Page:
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Priya’s Shakti Project tackles gender-based violence through the story of a rape victim

Priya’s Shakti Project tackles gender-based violence through the story of a rape victim.

Written by Pallavi Pundir | New Delhi |
Updated: September 22, 2014 11:24:52 am
Visuals from the project Visuals from the project

It has been two years since the Delhi gang rape, with its first news flash to the protests to callous remarks that justify sexual violence. For New York-based filmmaker Ram Devineni, these triggered the creation of an alternate narrative which he brings to us through the story of a gang-rape victim to address the issues of gender-based violence.

Set in a graphic novel format, reminiscent of Amar Chitra Katha, Devineni co-scripted the story (with poet-playwright Vikas K Menon) about a protagonist who, after a gang rape and subsequent social isolation, brings about a social change. Funded by Tribeca Film Institute’s New Media Fund and supported by the Ford Foundation, the graphic novel, titled Priya’s Shakti, will be launched at the Mumbai Comic Con in December. It is a part of a larger multi-media project by the same name (, which includes workshops, documentary films, street art and Augmented Reality (AR) initiatives through apps.

“Priya (created by American comic book designer Dan Goldman) was a result of research on Hindu mythology and art,” says Devineni, 42. Her life plays out in tandem with that of goddess Parvati, who looks upon her devotees from heaven, and streams herself as a spirit into Priya’s consciousness after the gang rape to help her bring about social change and rescind Shiva’s curse on all of mankind’s ability to procreate. “Looking at Hindu mythology and stories, I noticed how goddesses brought about change. We wanted to show a rape survivor as a goddess. In fact, there is an image of Priya sitting on a tiger in the comic; it’s a subversion of the image of Durga on a tiger,” says Devineni.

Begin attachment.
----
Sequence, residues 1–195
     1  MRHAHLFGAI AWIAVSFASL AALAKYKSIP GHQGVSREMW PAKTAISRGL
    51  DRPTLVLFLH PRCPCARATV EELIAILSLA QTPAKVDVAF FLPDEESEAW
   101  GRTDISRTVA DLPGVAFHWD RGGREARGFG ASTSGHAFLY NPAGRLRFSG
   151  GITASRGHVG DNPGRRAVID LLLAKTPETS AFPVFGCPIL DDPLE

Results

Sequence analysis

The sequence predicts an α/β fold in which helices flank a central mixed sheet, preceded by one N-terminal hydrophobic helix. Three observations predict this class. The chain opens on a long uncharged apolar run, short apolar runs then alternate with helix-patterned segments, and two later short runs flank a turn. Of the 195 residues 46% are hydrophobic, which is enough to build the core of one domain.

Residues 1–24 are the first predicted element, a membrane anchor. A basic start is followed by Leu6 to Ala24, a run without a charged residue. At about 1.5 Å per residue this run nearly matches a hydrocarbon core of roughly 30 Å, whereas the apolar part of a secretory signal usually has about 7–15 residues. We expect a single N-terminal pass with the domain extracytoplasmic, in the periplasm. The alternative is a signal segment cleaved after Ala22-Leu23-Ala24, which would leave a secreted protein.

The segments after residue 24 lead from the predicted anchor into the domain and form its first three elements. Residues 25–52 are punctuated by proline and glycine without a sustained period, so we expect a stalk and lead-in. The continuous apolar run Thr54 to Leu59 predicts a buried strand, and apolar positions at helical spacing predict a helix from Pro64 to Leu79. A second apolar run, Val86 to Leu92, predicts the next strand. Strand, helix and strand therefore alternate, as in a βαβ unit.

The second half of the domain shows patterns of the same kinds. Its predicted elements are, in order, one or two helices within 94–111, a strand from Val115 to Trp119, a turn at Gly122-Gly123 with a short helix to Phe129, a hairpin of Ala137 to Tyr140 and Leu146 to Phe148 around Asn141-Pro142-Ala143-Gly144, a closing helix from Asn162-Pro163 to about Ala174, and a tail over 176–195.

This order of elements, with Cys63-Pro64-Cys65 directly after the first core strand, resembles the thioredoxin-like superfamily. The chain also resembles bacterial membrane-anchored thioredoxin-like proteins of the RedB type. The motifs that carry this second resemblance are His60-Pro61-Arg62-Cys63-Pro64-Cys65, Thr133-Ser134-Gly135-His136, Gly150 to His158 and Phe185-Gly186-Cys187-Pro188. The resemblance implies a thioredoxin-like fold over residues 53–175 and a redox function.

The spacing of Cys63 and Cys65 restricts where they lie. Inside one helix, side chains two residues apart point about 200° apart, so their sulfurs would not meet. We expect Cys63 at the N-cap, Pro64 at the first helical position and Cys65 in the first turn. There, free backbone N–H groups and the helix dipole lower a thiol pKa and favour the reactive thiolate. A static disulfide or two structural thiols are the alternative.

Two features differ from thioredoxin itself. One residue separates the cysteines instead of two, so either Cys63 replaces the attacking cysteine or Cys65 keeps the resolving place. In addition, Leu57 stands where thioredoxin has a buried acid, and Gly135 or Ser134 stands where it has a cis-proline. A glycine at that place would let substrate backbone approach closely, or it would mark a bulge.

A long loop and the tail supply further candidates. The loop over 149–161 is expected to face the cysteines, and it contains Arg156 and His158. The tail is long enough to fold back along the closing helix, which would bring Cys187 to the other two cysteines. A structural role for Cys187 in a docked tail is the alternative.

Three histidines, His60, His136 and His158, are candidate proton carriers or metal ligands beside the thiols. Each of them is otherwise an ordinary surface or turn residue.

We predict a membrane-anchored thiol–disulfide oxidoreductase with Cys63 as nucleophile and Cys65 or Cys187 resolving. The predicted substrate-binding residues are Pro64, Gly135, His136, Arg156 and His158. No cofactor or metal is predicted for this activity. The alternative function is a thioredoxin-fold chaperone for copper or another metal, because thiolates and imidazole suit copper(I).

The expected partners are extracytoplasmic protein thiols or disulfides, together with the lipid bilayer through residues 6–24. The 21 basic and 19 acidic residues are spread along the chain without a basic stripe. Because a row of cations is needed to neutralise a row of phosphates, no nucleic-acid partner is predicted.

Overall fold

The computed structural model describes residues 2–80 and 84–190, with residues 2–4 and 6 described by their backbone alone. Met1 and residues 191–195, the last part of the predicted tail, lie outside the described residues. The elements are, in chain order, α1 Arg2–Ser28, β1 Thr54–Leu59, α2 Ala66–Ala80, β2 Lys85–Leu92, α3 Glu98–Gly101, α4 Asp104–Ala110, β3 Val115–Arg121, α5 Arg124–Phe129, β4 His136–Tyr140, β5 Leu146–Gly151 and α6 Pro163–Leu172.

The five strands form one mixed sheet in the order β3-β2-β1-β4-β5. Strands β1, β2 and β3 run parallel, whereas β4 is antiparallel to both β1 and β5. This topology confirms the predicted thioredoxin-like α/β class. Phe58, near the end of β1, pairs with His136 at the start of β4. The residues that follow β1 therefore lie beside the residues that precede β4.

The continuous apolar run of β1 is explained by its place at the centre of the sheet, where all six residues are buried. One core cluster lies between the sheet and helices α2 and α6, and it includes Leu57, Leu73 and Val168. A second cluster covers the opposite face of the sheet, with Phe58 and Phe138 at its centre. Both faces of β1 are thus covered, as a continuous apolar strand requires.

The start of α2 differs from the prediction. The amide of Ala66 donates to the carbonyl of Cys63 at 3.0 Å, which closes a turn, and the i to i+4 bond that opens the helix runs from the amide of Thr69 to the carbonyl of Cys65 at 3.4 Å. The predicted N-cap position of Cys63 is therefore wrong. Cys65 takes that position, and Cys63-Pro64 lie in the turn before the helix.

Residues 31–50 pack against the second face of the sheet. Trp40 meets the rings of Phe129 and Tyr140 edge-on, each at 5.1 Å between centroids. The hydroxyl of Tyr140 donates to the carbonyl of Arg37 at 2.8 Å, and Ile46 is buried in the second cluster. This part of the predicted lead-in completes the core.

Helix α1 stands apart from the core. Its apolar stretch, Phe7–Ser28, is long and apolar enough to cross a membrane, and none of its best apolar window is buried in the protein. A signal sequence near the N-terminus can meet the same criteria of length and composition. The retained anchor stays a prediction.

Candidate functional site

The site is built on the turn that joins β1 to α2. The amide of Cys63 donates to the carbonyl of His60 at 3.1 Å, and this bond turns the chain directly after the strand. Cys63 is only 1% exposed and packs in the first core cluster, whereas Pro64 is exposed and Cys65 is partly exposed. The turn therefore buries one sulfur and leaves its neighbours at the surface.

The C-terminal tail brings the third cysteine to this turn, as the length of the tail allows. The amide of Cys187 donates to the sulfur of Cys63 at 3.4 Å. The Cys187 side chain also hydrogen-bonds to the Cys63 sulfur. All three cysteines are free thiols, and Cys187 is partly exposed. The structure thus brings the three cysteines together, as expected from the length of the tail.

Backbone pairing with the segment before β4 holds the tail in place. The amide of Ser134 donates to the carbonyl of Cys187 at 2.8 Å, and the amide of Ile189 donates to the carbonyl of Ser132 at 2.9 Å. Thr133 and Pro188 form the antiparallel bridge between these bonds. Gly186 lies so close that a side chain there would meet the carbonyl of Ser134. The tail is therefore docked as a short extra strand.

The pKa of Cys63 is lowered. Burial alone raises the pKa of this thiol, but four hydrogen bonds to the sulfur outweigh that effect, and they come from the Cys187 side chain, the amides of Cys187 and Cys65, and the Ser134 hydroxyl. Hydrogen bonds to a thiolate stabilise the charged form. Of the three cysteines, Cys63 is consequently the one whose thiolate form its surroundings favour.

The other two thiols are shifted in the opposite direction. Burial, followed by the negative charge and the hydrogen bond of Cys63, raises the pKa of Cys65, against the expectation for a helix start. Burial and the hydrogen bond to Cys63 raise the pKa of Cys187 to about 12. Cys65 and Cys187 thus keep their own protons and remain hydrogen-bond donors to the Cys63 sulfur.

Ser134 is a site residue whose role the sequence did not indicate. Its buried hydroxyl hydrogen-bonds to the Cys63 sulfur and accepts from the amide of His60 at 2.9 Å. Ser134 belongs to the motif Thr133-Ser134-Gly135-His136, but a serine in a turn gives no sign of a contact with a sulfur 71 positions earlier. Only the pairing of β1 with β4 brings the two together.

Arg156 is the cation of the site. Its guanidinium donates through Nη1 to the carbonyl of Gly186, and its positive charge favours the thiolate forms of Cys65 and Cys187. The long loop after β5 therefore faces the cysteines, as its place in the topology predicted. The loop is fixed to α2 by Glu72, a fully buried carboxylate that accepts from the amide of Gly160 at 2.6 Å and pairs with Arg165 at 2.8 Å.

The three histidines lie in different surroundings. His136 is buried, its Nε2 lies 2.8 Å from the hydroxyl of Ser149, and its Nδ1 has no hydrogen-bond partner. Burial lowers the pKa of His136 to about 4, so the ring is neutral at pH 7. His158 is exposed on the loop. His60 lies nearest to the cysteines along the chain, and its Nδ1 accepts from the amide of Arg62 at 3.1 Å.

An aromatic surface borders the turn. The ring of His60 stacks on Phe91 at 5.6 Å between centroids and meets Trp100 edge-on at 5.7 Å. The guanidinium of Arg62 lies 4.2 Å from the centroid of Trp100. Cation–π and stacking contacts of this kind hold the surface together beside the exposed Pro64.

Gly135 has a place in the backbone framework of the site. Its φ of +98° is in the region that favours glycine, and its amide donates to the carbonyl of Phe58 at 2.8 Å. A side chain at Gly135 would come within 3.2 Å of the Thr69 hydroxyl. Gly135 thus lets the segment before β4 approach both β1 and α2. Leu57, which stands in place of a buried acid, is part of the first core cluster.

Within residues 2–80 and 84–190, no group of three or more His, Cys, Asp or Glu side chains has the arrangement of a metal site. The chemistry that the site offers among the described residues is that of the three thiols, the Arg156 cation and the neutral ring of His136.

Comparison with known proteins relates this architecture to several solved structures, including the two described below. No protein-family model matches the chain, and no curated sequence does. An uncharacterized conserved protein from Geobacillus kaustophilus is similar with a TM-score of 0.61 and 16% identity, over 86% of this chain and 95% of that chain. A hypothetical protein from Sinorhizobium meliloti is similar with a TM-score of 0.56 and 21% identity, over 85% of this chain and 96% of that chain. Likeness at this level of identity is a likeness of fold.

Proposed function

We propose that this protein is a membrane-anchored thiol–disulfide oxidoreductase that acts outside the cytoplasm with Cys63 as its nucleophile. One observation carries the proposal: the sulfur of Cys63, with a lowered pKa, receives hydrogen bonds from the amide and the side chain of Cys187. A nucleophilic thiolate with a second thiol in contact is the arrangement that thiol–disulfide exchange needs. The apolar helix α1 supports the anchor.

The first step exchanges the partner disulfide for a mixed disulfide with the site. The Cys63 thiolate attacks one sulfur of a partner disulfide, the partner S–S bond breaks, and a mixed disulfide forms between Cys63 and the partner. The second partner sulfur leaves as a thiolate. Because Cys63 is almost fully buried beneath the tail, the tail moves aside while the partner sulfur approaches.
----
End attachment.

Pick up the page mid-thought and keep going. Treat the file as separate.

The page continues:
Devineni and his crew from New York interviewed rape and gang rape survivors across India to create a singular narrative. “We will use these as animated documentaries, with their identities concealed, as part of the AR comic book,” says Devineni. AR can be used with the free app, which allows users to get more information once the image is scanned on a smartphone. “The app will contain short documentaries on how the women challenged and confronted the police, society and their peers” says Devineni.

Apart from the comic book app, the project reaches out to people through workshops. The first was in Mumbai from September 10-13 with teenagers from Dharavi being invited to make their own comics, helmed by artist Chaitanya Modak. These will be exhibited at the Mumbai Comic Con, the Dharavi Biennale in February 2015 and City Lore’s Gallery, New York, next year. In addition, veteran Bollywood movie poster painters will create AR panels on the walls of Dharavi, local artists will paint murals in Mumbai and Delhi among other cities, and the Blippar platform will pop out more animation and films on these sites.

“We want people to be comfortable in putting rape survivors in the centre of their lives,” says Devineni, “Our main audience is teenagers and the comic and the app is free in India.” With this, Priya’s journey has just begun. “Let’s see how successful this one is, because Priya has a lot of problems to tackle,” he says.

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